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Out of Nowhere by Patrick LeClerc.
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tgoyetteThe dystopian life?2014-08-11 17:35:31
tgoyetteWho has the best dystopian world? Best may mean worst. Basically which do you really remember, old-school like 1984 or current like the hunger games. Scary or exhilarating, your choice. I like Brazil because of the bizarre elements along with the dystopia.2014-08-11 17:35:59
jessbaumChildren of Men really got me. And best of all the film version is worth the watch just to see the scene when the baby is delivered during a battle and the fighting ceases to hear the little one cry while the people marvel at the new life only to go back to fighting once the child is removed from the scene.2014-08-12 07:46:07
R.TornelloI just pick up the daily paper.2014-08-12 09:37:38
mark211'Brazil' is an absolute classic as is '1984' of course, so both of those are also on my list. But in addition to those, for movies I'd add Tarvkovski's 'Stalker'which is incredibly bleak yet also really absorbing. Staying with the USSR, Zamyatin's 'We' is incredibly eerie and was said to be an inspiration for '1984' (don't know how true that is). 2014-08-12 11:45:26
mark211Actually, not surprisingly fiction from former Soviet countries tends to produce some of the best Dystopian novels, not surprisingly because they had to live through it. So I'd add Mo Yan's 'Republic of Wine' which although technically a detective novel, I would class it under SF because it's so weird. The same goes for Viktor Pelevin's 'The Life of Insects' - a surreal fantasy in a broken down city.2014-08-12 11:49:24
IronspiderI'd guess that your take on a 'dystopia' would depend on the dystopian element that most greatly affected you (or any other reader) on a personal level, be that corporate control of all aspects of daily life (e.g. Rollerball), destruction of the family unit (Brave New World) or out-of-control bureaucracy (Brazil). There are a great number of settings that posit a breakdown of the environment (Blade Runner {DADoES} for example) and they are probably the stories I most relate to. But as I work in nature conservation, I can already see a lot of the ideas tied-up in those stories and films coming to pass.2014-08-12 23:52:40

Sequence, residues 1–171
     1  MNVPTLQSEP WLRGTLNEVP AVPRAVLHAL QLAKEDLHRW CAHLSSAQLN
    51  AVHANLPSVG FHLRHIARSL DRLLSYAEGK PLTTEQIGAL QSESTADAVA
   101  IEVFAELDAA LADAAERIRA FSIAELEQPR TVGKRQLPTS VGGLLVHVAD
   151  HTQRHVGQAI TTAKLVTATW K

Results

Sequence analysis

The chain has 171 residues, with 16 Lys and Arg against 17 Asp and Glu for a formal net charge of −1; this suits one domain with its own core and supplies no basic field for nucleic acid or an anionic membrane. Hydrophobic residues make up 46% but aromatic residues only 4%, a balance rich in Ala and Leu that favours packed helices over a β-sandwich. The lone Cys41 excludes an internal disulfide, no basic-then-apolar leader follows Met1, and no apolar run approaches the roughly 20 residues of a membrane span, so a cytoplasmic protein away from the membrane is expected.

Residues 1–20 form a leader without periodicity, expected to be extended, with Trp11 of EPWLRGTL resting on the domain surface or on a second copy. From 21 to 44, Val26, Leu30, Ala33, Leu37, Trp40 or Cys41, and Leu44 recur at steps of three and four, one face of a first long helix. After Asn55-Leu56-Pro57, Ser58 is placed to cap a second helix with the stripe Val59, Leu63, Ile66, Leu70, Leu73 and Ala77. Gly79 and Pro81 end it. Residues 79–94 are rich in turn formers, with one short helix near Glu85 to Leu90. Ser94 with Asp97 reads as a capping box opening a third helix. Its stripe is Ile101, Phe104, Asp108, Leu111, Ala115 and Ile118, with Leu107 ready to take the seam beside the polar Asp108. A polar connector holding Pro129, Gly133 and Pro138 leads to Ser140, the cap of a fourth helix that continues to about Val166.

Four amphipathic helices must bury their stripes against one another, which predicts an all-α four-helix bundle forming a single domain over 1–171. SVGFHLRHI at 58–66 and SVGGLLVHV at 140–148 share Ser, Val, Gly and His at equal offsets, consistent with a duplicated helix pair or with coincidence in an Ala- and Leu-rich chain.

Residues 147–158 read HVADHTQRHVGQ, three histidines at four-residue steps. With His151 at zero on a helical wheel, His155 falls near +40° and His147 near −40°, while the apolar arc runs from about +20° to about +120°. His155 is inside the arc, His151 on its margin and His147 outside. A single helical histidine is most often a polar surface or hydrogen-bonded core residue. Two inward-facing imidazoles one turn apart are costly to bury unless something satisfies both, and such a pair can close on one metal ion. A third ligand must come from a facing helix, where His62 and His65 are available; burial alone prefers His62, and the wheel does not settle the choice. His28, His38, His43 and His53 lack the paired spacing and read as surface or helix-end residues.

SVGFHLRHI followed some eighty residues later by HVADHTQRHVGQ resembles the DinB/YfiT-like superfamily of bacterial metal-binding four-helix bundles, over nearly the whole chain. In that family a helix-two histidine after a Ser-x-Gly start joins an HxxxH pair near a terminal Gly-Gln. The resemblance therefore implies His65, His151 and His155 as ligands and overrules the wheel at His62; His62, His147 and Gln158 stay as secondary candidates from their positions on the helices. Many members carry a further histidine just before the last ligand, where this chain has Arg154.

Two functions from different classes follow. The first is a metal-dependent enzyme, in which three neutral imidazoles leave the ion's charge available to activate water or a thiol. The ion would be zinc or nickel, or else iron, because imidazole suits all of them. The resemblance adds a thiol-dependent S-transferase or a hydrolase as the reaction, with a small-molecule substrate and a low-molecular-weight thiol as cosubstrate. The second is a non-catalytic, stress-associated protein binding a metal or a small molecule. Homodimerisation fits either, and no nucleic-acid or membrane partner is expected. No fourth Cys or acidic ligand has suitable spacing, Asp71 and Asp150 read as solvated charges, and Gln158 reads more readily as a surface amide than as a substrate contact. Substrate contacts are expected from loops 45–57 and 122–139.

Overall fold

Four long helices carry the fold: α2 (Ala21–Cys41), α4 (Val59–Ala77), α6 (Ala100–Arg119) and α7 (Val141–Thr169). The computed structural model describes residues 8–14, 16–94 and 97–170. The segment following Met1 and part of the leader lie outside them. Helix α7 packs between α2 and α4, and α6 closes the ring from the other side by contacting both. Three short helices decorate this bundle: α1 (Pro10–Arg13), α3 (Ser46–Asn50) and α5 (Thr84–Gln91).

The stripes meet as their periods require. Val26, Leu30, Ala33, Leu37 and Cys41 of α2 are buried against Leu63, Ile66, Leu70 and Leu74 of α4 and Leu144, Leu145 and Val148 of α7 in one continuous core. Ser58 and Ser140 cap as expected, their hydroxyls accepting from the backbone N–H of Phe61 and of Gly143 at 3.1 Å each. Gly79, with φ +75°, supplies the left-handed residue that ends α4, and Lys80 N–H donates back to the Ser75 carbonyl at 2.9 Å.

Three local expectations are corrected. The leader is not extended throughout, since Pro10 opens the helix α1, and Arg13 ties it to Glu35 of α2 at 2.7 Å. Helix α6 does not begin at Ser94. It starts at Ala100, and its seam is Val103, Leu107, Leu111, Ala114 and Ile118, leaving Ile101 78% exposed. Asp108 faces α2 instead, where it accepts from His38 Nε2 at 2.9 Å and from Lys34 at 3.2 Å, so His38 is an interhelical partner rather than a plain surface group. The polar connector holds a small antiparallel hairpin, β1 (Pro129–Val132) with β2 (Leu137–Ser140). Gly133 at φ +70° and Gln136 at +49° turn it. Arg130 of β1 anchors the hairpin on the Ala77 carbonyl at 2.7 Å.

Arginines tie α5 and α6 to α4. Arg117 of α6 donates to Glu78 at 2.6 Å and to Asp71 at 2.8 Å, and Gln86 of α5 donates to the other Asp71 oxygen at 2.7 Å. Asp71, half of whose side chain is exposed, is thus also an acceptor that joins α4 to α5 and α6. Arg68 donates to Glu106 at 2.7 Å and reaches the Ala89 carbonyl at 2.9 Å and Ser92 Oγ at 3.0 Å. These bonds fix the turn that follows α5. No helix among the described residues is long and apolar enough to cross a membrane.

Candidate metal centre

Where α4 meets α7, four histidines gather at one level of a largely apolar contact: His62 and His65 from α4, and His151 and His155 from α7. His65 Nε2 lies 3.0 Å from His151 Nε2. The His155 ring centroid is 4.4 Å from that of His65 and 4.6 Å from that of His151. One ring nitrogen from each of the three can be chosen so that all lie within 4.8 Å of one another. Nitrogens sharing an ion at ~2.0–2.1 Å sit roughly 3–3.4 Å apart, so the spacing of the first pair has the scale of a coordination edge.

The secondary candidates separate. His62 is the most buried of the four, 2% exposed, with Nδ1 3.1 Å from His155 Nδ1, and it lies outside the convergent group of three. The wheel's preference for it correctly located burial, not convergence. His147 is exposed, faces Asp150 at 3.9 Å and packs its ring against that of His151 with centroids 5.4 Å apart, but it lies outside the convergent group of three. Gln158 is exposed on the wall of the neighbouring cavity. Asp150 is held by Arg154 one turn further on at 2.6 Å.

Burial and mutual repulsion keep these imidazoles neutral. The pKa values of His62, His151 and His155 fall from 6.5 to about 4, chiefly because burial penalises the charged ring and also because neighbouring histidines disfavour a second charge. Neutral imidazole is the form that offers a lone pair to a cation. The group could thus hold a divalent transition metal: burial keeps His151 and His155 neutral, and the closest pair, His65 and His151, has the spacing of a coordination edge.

r.tornelloIronspider, as I said, I just open the news paper, anything else is just make believe, and has no affect as reality does. That's not to say I'm depressed or anything, it's that old saw, reality is stranger (because it's in ones' face) than most anything one can make up RT 2014-08-13 06:40:32
IronspiderRT, I'd agree - a quick perusal of any newspaper or news website can be a depressing experience. I guess that's why I still relate to fictional realities - even in the most dismal setting there's usually some faint glimmer of hope to cling to. There's been a lot of recent scientific discussion on large-scale geo-engineering to try and reverse some anthropogenic environmental damage. While I'm sceptical such interventions would achieve significant improvements, part of me wonders what would need to change in humanity for us to reach the required level of altruism and restrictions on our freedoms to protect those of future generations?2014-08-13 23:49:12
R.TornelloIronspider, my comment on Independence Day sort of dovetail with your last question. It's going to take a lot. RT2014-08-14 04:44:47
jessbaumThe world has always had problems, we just get more information on it now because we have hundreds of media images being pushed on us from all sides all day every day. I myself am awaiting the zombie apocalypse. haha2014-08-14 06:50:59
cuchulainBack in the early twenty-first century, I remember being fascinated and riveted to my TV for the dystopia of James Cameron’s “Dark Angel” -- with its post-technological collapse caused by a terrorist Electro-Magnetic Pulse attack, a haves-and-haves-not disparity of remaining resources and the fulsome extremes of the military industrial complex with invasive government drones spying on citizens, conspiring corporate leaders covering up misdeals, and of course, a designer gene program to create the ultimate super-soldier, aka “Fantastic Four”’s Jessica Alba as Max Guevera, the eponymous dark angel. It also starred Michael Weatherly, John Savage, Kevin Durand, “Supernatural”’s Jensen Ackles, and “Star Trek: Deep Space Nine”’s Nana Visitor. My favorite episode was the second season Halloween humorous send-up of the more fantastical elements of the series. 2014-08-15 04:49:45
Michele dutcherFollowing up on jessbaum's Children of Men: I was reading an advice column this morning about children crying during church services. This rabbi was saying he remembered after the holocaust the services were very quiet because all the children and babies had died in the camps. He said that a few years later, when the first baby cried during a service, everyone turned and looked and smiled. He never complained again about children breaking the silence. 2014-08-19 08:37:10
mark211Strange how the most monumental events are best understood through such evocations. 2014-08-19 15:14:39
jessbaumWow Michele, gives me chills.2014-08-21 06:40:49

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